BRISTOL — Though two companies filed late tax abatement paperwork in Bristol this year, only one will be subjected to a penalty.
Three manufacturers have tax abatements in Bristol. Utilimaster has a 10-year abatement ending in 2022, having ended a three-year one in 2015. Satellite Industries has a three-year abatement ending in 2021, following its five-year arrangement that ended in 2018. Monogram Foods had two three-year tax abatements, the first ending in 2018 and the second set to end at the end of 2019.
While both Monogram Foods and Satellite Industries sent their tax forms to the town late, only Satellite’s tax abatement will be renewed without penalty for the coming year.
“They came here last year stating that they would never let this happen,” councilwoman Cathy Burke said of Monogram Foods’ late filing during Bristol’s council meeting Thursday. “A woman came personally from Tennessee.”
Council president Jeff Beachy made a motion not to waive Monogram’s late-filing fee.
The filing deadline is April 15, but Monogram’s paperwork was postmarked May 15.
The company had requested a three-year tax abatement on its investment of $3,655,000 in property improvements and $8,326,000 in new equipment in 2015. In 2016 it announced plans to invest $13 million in Bristol and hired 74 employees.
Satellite Industries’ late paperwork arrived June 20. Despite also being late last year, the town elected to renew the company’s abatement and waive the late-filing fee.
Town attorney Glenn Duncan said last year he informed Satellite Industries, which is headquartered in Minneapolis, that lack of knowledge of Indiana law is not an excuse for late filing.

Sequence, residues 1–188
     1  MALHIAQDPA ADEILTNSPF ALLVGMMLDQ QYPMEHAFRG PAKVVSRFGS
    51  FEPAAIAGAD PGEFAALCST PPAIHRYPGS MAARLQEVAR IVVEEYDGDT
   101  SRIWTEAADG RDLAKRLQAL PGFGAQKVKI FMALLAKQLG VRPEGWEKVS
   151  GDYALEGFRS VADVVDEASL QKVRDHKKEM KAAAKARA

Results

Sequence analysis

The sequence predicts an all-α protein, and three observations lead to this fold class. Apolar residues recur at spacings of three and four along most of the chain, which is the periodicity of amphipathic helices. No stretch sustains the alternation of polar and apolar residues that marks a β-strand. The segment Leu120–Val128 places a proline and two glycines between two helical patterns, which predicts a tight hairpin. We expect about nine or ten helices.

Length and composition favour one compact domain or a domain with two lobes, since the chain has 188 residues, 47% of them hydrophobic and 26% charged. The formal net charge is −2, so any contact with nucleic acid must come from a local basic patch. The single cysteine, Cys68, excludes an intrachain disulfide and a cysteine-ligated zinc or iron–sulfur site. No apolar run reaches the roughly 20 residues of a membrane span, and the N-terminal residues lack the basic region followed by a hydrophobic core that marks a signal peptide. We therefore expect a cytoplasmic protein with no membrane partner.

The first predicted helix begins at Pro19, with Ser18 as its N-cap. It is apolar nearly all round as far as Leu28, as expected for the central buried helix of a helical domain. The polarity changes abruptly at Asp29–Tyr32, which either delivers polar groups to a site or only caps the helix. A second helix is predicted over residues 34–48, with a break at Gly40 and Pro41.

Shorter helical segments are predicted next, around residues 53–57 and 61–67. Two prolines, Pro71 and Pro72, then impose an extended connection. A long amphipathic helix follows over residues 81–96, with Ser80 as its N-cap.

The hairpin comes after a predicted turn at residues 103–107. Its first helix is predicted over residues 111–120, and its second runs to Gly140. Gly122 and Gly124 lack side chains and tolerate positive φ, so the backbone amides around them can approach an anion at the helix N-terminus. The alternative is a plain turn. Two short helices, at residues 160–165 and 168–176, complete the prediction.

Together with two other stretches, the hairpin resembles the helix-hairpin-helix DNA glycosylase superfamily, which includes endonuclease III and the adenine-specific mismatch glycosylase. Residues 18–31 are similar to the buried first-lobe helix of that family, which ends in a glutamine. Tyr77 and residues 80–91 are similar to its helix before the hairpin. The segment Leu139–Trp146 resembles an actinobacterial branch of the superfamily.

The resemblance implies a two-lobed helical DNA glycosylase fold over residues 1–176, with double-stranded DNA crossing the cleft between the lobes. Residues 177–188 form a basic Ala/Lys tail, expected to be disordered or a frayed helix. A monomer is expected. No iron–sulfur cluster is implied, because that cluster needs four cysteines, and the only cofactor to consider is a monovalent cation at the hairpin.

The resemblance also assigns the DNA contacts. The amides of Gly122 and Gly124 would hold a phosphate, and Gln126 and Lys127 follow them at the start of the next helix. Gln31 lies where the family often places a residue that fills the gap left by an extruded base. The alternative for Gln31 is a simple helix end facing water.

“They have diligently filed their (abatement) every year in the past, however, in those years I have always gotten a call, ‘Can you help me with these forms?’”
He told the quorum he was called by the company early in the year seeking names of local accountants to help file this year’s abatement paperwork and he offered up a few names.
In previous years, Duncan assisted companies filing for abatements as they sorted through various state statutes and paperwork, but the council found it unfair to Duncan, since he is not hired to serve those businesses.
Beachy suggested during the 2018 discussion that a standard be created declaring that out-of-state businesses be required to hire a local accountant or lawyer to help them file their paperwork to ensure taxes are filed properly and on time, though no action was taken on it during that time.
Town manager Mitch Mitchell suggested during a discussion of late filings in 2018 that as a standard, companies should be permitted one late filing, but after that, be held to the deadline, losing their abatement if filing is late.
Nonetheless, Satellite did employ the services of an accounting firm, which sent the completed forms to the company in March, but company officials forgot to file it with the town of Bristol. Along with the recently received paperwork, Satellite submitted a letter explaining what had happened.
“They are otherwise in compliance and have met the investment dollar amount, real estate and the number of employees,” Duncan said. Satellite Industries this month completed nearly $8 million worth of expansion projects that provided 60 jobs.
The board motioned to waive the late filing fee and allow Satellite’s tax abatement this year.
Other items addressed at council meeting:
Bristol Park Board says if the rain continues, it may have to change the location for the Bristol Homecoming. An outrigger system used to anchor the rides can sink into the soft soil at the park, creating a safety hazard if the ground is too wet. Discussions mounted about where an appropriate alternative location might be, ranging from the school yard to the church parking lot. The Bristol Parks Department will also not be hosting its summer children’s programming due to an inability to find a program director.